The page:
You are probably wondering “how can I prepare for a phone interview?” I know, I was in your same spot when I was in the process of being hired to work from home. This is why I am providing some great tips that will help you to prepare for ANY phone interview that you may have.
The preparation, conduct, method of handling questions, and even your body language are as likely to impact the outcome as if you were sitting in the office of the recruiter. Following are some very useful guidelines.
Step One: The Rehearsal
Practice in front of the mirror, or with a friend or your spouse listening to you, asking questions and playing the part of the interviewer. Make a list of questions you expect the interviewer to ask and have good answers prepared, but have them on the top of your head in general and not memorized. Memorized answers can sound canned and not real, and will not help you. You need to appear genuine and real.
Step Two: Why are You Right for This Opportunity?
Prepare and practice two or three ideas that you want to get across to the interviewer as to why you are the right person for this opportunity. If you are having trouble thinking of ideas, read your resume again. Look for the key points, qualifications or accomplishments you have written, and be ready to discuss them.
Step Three: What’s in it for Them?
What can you do for the company? The recruiter really doesn’t care why you would like the opportunity; they care about how you can help the company if you are hired.
Step Four: Dress to Impress (Yourself)
On the morning of the interview, get dressed. Wear the same clothes when you are on the phone that you would wear if you were in front of the interviewer in person. Dress for success and your attitude will reflect it. Dress in your pajamas or an old sweat shirt and your attitude may reflect that as well.
Step Five: Smile
Smiles are contagious, even if they can’t be seen. Good salesmen know this and practice smiling on the phone. There is something in your voice and attitude that is conveyed when you smile, and the person on the other end of the phone can sense it. There is truth in the old saying, “Smile and the world smiles with you.” It is basic human nature.
Step Six: Speak Clearly
It is important to speak clearly and to enunciate your words. Use a good quality phone, a land line not a cordless. If at all possible do not use a cellular phone for the interview. Crackling noises are distractions and bad cell sites, leading to dropped calls, are a negative. You only want positives during your phone interview.
Step Seven: Relax. Be Yourself
During the interview itself, try to relax and be yourself and do your best. When it is over remember to thank the interviewer for his or her time, and offer to provide any other information they might need to make a decision. Be professional and you may well be rewarded with an opportunity. (Author Heather Eagar)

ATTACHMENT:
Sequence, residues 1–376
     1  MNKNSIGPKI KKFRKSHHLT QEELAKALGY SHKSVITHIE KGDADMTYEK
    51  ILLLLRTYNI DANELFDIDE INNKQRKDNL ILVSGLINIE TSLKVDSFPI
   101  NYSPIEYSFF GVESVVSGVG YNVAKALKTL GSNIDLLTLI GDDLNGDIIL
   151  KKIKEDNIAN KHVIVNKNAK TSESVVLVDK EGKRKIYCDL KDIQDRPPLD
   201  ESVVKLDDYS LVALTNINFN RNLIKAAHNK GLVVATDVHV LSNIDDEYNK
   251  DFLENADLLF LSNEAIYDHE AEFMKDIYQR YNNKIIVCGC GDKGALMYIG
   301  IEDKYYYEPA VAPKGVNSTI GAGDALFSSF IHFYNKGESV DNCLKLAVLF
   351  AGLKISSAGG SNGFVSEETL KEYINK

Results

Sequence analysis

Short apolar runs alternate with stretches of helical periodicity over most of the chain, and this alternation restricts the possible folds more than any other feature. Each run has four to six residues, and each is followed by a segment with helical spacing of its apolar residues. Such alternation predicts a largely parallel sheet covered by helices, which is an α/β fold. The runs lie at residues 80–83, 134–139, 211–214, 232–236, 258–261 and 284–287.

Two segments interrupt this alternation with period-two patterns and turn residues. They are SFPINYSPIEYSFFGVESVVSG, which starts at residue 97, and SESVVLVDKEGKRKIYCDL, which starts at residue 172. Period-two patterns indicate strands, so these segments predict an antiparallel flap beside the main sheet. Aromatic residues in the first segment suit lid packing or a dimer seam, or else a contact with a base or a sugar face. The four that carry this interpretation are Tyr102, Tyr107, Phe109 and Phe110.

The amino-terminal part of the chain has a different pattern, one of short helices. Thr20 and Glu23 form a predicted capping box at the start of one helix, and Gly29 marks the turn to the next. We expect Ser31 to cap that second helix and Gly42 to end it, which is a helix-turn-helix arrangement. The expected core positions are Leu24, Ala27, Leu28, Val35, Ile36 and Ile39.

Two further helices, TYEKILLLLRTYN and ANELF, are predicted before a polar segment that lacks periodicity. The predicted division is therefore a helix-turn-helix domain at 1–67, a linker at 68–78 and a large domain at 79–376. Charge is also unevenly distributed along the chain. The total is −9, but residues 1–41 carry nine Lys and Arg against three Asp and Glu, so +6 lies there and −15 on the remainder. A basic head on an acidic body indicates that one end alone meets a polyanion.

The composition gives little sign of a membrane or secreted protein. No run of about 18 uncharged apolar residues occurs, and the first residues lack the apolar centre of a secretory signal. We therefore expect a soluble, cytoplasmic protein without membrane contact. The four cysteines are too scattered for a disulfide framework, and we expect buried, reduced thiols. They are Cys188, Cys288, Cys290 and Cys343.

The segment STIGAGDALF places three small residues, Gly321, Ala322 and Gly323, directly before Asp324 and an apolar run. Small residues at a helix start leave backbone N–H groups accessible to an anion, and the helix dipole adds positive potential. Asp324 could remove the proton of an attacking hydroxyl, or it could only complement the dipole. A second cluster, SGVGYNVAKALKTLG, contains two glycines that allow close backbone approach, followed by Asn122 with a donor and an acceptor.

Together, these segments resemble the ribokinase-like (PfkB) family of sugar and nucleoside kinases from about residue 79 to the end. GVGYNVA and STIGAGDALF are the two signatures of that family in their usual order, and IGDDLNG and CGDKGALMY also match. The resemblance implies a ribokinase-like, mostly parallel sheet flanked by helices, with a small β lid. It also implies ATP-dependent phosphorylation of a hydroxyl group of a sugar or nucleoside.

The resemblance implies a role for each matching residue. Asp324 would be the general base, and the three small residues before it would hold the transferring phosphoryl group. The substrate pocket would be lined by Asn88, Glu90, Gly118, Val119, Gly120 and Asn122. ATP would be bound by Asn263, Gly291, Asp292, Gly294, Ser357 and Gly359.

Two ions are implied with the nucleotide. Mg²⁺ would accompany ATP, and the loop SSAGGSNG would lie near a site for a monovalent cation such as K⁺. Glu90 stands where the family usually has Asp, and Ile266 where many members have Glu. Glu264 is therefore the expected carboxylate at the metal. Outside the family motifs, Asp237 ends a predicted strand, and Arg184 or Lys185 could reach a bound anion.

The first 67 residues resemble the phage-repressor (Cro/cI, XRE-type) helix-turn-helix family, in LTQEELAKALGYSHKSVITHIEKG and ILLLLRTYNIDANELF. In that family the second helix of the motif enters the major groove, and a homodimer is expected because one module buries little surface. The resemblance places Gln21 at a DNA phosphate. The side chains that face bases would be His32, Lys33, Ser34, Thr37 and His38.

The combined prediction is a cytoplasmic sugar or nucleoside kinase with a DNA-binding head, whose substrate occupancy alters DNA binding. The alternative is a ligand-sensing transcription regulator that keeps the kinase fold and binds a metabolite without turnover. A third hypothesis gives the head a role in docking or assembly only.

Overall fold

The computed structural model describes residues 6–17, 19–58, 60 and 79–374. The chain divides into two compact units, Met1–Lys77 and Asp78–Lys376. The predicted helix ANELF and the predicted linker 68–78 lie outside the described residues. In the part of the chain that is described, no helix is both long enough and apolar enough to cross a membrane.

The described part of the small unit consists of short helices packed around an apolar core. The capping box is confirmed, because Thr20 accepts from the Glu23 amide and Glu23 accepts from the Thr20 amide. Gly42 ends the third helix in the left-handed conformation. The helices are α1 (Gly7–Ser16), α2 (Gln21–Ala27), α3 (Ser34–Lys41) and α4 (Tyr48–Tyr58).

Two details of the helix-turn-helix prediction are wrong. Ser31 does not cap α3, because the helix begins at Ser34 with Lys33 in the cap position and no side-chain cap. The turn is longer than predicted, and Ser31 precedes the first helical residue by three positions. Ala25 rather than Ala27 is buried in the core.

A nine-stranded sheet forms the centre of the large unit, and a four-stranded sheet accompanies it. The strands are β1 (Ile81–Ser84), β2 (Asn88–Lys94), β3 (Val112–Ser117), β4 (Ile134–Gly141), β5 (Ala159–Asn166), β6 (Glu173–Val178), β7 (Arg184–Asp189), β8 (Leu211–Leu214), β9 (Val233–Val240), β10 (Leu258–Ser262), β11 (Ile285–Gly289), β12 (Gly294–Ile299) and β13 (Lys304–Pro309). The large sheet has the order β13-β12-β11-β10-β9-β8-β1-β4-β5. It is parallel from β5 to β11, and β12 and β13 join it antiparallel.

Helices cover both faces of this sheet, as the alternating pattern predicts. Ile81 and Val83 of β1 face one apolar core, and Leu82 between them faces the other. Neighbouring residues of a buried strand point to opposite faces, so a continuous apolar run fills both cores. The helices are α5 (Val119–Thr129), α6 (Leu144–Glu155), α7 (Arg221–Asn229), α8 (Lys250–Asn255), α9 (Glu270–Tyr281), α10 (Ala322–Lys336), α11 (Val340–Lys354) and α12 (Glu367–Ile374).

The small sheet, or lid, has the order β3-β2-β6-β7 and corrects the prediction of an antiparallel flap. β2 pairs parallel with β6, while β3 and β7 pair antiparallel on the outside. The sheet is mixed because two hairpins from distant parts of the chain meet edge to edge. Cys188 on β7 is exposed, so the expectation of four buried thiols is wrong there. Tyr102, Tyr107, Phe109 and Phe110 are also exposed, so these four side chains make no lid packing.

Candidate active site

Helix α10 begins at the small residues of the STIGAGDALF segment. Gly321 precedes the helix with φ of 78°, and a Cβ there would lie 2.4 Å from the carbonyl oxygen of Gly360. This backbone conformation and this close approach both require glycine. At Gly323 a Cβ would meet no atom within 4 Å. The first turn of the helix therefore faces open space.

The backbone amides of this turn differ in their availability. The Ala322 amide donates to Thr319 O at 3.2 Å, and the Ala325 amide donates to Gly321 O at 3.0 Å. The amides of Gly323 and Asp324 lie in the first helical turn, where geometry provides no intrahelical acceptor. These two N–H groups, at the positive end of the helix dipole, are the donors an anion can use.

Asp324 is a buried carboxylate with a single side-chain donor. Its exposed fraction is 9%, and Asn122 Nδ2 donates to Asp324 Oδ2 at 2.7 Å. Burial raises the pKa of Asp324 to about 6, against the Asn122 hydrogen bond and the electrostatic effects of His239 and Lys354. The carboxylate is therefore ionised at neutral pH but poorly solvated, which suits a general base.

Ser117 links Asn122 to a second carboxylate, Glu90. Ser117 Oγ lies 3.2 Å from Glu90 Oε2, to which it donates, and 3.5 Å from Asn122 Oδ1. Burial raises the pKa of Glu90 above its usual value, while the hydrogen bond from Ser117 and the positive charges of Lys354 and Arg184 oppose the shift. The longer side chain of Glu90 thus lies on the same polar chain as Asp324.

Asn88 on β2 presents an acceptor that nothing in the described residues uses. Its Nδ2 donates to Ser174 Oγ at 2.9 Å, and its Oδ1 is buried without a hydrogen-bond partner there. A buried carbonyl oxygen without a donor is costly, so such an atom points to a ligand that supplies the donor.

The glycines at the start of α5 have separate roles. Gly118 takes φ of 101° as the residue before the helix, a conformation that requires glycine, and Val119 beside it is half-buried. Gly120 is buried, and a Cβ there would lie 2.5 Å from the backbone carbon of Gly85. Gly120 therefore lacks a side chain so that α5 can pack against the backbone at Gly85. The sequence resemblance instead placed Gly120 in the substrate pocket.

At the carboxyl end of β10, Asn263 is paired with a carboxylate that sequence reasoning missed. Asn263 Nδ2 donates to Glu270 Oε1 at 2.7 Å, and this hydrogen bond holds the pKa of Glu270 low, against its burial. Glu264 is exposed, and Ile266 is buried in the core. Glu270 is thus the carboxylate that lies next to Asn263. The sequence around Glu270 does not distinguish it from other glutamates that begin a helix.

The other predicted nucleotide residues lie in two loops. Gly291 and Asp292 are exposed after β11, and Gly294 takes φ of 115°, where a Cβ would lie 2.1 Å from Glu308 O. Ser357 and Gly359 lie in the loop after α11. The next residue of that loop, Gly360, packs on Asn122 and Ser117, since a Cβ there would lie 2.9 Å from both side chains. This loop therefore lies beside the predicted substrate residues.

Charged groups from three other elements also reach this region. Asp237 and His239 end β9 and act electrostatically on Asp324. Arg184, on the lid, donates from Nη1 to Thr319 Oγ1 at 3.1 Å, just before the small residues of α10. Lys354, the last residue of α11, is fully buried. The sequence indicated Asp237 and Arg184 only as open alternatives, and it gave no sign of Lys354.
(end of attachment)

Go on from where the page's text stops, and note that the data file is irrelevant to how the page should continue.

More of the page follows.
Some other important things to remember:
Schedule the interview so that there is enough time to do homework and prepare. Reschedule surprise interviews. Tell the caller that you have a conflict and arrange a mutually convenient time that allows you at least 24 hours to organize and plan for the discussion. Make sure to get the name and title of the person with whom you will be speaking.
You should be in a quiet area where there are no distractions. That means making sure there are no disturbances. Barking dogs, crying children, background stereo or TV, or any other type of noise or disruption is unprofessional. Make sure your family knows you cannot be bothered. If alerted by your call waiting service, ignore it – and don’t forget to shut off your cell phone. If it is not possible to eliminate disturbances, then arrange to take the call from a location outside of your home or office.
Keep pen and paper handy to jot down an address, phone number, or the spelling of a name. It is our recommendation that you do not take notes while being interviewed. Note taking creates uncomfortable pauses in the dialog and you will invariably miss part of what is being said. Write any notes at the conclusion of the interview while the information is still fresh in your mind.
Lastly, thank the person for the interview, show enthusiasm about pursuing the opportunity, and ask about the next step in the process. Write a thank you note the same day. Follow up with a phone call within two or three days to ask questions that have surfaced since the interview.
I hope you enjoy all of the information provided in posting. I know that I enjoy sharing it. By the way, I LOVE receiving feedback from each and everyone of you… so please DO NOT be shy! Leave a comment below & SHARE this information with your friends by clicking the links below the post to share on Facebook, Twitter, Myspace, and so forth.
To Your Development In Any Career You Pursue…